In the movie Silver Linings Playbook, Robert De Niro’s character is an obsessive Philadelphia Eagles fan with a somewhat strained relationship with his son, a fellow Eagles fan. The Eagles aren’t enough to solve all of their problems, but they do connect the two characters in a real, meaningful way.

“I just want to watch the game with my son,” De Niro says. Part of his request is superstition, and yet, he genuinely seems to value those moments around the television with his boy. They are an Eagles family, and that bonds them in spite of their differences and misunderstandings.

I’ve always enjoyed watching games with my dad. Talking baseball with him feels as natural as breathing. Not only do I enjoy his perspective, he has proven incredibly intuitive.

“I have a feeling,” Dad said. “Taubensee’s going to go deep here.” “No way,” I thought. Eddie Taubensee? The Reds catcher hit more than 12 home runs only once in his career, and he played during the steroid era when baseballs flew out of the ballpark with regularity.

Sure enough, Taubensee launched a home run to right center a couple pitches later. My father sat back in his chair unfazed. I thought he was a baseball prophet. I begged him to call home runs in subsequent games, convinced he could will more runs into the Reds column. But he wouldn’t unless he really felt it. He successfully predicted home runs a few times during my childhood. I’m sure dad falsely predicted some dingers, but I remember only the occasions when it worked.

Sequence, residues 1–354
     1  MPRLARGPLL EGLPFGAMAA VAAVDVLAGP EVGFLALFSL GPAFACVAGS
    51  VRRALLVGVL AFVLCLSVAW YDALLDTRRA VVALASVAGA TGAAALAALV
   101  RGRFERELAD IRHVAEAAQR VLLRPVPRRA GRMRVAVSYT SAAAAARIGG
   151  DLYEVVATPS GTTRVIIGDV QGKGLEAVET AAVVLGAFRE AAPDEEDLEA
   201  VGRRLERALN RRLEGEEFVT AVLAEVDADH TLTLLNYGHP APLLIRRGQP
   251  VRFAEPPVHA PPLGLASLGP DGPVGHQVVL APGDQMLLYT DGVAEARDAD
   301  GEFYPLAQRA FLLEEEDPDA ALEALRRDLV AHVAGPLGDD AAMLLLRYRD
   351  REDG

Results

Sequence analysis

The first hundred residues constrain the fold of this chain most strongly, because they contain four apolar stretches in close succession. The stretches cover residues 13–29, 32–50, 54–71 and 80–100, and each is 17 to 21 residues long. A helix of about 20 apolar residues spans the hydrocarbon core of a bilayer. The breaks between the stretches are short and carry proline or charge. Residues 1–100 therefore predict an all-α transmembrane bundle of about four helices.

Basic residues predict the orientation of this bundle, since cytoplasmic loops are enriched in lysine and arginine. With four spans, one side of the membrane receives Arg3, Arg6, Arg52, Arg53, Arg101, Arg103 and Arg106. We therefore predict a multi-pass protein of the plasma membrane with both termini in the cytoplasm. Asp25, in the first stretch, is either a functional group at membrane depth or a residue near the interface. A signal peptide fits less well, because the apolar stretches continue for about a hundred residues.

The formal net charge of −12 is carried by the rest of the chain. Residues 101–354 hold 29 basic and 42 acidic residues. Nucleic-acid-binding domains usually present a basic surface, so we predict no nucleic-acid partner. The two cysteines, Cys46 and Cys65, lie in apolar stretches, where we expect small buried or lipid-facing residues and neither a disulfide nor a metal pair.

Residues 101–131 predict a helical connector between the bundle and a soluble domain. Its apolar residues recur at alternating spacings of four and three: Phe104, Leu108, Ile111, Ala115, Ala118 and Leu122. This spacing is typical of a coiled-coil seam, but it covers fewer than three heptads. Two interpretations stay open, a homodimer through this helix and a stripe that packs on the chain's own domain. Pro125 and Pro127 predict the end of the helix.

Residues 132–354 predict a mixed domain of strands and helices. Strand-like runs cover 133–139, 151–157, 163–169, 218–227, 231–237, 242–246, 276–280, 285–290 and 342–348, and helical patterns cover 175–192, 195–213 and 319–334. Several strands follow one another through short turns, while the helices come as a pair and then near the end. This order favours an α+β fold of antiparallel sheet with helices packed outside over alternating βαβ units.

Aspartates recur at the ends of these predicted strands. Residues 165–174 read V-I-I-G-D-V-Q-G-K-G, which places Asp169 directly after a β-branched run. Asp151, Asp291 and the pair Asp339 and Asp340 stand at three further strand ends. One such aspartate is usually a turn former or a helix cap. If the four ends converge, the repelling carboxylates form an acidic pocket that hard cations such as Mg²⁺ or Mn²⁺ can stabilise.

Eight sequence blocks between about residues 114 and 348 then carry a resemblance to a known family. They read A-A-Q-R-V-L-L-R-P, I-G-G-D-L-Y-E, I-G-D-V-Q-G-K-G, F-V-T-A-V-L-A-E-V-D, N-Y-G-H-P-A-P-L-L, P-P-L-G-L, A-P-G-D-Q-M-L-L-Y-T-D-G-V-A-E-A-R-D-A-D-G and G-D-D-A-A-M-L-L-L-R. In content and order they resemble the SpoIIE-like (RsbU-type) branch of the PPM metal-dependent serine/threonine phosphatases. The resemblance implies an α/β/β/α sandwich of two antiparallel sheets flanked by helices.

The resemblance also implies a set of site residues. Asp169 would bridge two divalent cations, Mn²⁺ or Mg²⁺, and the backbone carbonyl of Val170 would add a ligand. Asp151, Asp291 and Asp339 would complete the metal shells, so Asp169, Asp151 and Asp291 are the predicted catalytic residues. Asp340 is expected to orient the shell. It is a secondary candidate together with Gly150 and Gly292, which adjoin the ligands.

During my teenage years, the Reds started playing more games on T.V. Dad and I took advantage. Sometimes, we discussed the action in detail. Other times, we sat contently in silence. We didn’t need to talk. The Reds were our thing, and not much needed said.

But as I’ve gotten older, I’ve begun to long and ask for more of the stories: tales of Joe Morgan’s speed, Johnny Bench’s arm, and Pete Rose’s tenacity from one era. Eric Davis’ incredible athleticism and Barry Larkin’s youthful energy and hit tool from another. I love those stories. They are part of my father and have become part of me.

Last season, my parents got tickets for several family members, including my 1 ½ year old son, to go to a Reds game against the Dodgers. It was my son’s first Reds game, and he loved every bit of it. His early vocabulary included “Joey Votto” and “Jay Bruce” so he yelled their names at both appropriate and inappropriate times. He emphatically yells “go Reds” even when not prompted. Yes, I’m very proud.

Dad held him at various times throughout the night, pointing out the fireworks and action on the field and feeding him all kinds of ballpark goodies. My son’s eyes grew wider with each revelation. He hung on every word that “Pop Pop” said. For a moment, I felt the tears forming in my eyes.

“Thanks for this, Dad. Tonight was really special.”